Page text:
One of the most tricky parts to learn Object Orientation is the concept of classification.
The task of separating entities of the real word in groups and then enumerating the
characteristics of each group seems quite simple for experienced programmers but could be messy
for novice students. The discussion about the fundamentals of classification is very important
to establish a baseline about...
on Jul 16, 2006
In fact, last time I checked, I wasn't a 'mock' anything. I get 'mocked' a lot for my photograph above, but that's the maximum 'mocking' in my life sadly.
So why does Javablogs.com classify me as a mock Sun employee?
If Sun would like to offer me a position, I will be more than happy to call myself a mock Sun employee. Or whatever. But then I wouldn't be 'mock' anymore so that may defeat the...
on Jun 30, 2006
Last month I blogged about Literate Programming with jMock, and also about using anaphora to avoid repetition in the tests. (An anaphor is a word like it that refers to something previously referred to.)
This got me thinking: is it possible to use anaphora more widely at the language level? Would such constructs be useful? Before trying to do this in Java I looked at more dynamic languages,...
on Jun 29, 2006
I read Ethan Nicholas' blog about intern'd strings with great interest. I agree with his assessment that using '==' to compare String objects is almost never correct. He suggests that String's equals method is superior. His description of the intern method is excellent, and I wouldn't want to detract from his comments. He is right on...the equals method is the right way to compare many strings....
on Jun 28, 2006
So, would it come as a...
on Jun 27, 2006
on Jun 19, 2006
I thought I knew web forms. Atleast I thought I have a working knowledge of how forms work. I didn't realize the number of surprizes I found on the way.
My quest started with an innocent inspiration. I like words and their origins. I wanted to put a look up for dictionary.com on my web log. The form was simple enough with a single text field that takes a word or a phrase and then look up its...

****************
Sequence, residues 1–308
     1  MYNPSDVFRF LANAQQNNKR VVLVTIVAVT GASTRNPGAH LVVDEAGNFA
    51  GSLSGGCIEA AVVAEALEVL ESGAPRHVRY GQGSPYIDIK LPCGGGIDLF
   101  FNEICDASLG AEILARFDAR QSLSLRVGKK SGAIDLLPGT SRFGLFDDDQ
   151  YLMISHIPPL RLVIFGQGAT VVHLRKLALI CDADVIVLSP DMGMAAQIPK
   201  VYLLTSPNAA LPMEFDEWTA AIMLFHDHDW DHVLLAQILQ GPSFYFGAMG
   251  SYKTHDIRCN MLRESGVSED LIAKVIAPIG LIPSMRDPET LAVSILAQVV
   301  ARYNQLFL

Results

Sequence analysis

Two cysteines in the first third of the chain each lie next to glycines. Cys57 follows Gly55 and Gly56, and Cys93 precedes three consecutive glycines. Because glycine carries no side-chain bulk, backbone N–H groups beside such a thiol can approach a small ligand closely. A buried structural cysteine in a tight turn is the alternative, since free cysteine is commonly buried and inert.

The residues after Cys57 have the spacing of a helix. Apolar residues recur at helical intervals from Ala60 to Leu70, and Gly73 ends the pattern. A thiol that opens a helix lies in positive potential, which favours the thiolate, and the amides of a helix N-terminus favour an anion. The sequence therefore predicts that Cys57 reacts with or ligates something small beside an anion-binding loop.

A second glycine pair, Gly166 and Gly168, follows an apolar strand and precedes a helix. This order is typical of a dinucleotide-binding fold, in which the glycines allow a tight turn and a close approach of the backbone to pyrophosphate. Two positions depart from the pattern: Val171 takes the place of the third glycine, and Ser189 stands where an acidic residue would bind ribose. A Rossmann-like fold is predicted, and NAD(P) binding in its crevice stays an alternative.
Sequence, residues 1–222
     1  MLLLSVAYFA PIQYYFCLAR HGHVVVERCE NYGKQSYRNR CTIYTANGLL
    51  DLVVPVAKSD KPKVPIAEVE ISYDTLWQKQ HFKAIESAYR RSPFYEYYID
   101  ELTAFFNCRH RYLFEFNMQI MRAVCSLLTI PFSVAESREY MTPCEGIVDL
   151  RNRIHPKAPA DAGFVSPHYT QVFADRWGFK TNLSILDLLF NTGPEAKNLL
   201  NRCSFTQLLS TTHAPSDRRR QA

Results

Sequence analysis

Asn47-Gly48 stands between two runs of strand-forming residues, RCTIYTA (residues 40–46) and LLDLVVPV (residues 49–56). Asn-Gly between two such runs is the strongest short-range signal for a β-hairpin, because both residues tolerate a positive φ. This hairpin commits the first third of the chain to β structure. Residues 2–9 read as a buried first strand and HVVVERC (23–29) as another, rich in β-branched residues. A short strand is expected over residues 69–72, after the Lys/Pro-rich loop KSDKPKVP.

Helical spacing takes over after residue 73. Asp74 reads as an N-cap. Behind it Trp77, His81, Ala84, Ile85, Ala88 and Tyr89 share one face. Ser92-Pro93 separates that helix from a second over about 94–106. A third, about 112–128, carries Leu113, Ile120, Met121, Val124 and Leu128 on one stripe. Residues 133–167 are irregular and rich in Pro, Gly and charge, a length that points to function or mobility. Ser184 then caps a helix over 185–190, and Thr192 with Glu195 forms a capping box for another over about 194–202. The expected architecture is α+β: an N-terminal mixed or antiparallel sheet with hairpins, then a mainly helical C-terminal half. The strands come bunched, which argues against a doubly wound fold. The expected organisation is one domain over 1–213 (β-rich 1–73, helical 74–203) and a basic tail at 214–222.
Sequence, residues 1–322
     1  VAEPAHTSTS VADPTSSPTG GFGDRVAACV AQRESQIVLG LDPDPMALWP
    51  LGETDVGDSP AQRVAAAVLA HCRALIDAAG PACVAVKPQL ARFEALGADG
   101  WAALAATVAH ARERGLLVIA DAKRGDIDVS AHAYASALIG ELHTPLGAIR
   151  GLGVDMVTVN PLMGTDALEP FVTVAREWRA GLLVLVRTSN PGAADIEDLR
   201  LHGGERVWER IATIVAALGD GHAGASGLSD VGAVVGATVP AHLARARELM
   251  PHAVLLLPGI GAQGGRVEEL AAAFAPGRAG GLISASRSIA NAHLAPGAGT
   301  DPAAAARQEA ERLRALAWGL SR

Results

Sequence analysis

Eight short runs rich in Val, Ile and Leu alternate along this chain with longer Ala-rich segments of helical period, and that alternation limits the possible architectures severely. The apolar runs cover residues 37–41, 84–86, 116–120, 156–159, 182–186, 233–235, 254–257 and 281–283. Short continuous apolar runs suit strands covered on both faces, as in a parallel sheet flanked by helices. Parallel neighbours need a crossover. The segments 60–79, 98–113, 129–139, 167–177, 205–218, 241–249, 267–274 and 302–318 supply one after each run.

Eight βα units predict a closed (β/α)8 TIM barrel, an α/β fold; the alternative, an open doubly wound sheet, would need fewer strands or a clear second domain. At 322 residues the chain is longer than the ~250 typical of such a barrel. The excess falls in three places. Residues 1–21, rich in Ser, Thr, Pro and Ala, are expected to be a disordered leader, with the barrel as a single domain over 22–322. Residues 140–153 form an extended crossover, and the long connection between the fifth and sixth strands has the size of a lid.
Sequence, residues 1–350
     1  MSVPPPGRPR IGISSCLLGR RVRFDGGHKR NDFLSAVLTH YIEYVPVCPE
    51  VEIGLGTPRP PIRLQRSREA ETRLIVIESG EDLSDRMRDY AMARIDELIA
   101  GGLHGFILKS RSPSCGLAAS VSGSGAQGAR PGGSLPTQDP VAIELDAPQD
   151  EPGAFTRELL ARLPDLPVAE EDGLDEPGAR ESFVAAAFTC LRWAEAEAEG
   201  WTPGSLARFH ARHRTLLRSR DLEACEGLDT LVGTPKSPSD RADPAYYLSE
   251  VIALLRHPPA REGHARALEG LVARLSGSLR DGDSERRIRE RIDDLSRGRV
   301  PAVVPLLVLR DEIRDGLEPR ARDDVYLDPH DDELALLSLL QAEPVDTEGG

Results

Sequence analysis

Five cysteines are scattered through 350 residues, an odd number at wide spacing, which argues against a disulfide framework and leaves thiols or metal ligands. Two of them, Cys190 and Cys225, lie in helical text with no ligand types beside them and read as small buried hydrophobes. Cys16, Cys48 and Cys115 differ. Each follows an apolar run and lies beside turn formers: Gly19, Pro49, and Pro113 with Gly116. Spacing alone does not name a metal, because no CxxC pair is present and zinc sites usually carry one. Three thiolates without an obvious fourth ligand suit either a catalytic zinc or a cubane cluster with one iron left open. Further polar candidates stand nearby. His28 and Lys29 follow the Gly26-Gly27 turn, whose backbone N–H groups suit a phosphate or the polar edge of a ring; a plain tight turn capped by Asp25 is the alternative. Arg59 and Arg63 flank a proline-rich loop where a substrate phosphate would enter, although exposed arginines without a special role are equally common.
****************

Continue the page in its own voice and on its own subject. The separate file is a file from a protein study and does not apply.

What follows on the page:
on Jun 19, 2006
My personal digital assistant (PDA) provides contact information for friends, family, and coworkers. The PDA allows me to find a person's phone number easily by searching on that person's name. The information is sorted according to standard dictionary-sort order for the contact's name. That is, the name MichÃ¨le comes before Robert in the list. Without this sort order, I would have difficulty...
on Jun 6, 2006
How many times have we heard or preached (or both) the important lesson of not having our business logic "leak" into the client tier. Each time we hear it, we nod our heads and say "how true," and get serious for a moment.
The idea of logic leaks applies to other aspects of development, not just the client tier. For example, the Hibernate project is very concerned about not leaking persistence...
on May 2, 2006
Why Code Rewrites Don't Always Work.
Give an engineer some code and one of the first things crossing through the mind of some engineers is, "Should I rewrite or re-factor that code?". The logic being that the new version will be ultimately be better in some way than the original.
However simply rewriting or re-factoring an application doesn't always warrant the effort you put in. The rewrite...
on Apr 20, 2006
OK, so the human brain is supposed to be designed to multitask. That means through the course of a single day, we might have to switch between literally thousands of individuals tasks. It seems that although we're all designed to do this, some of us do this better than others. Maybe some of us have better schedulers than others?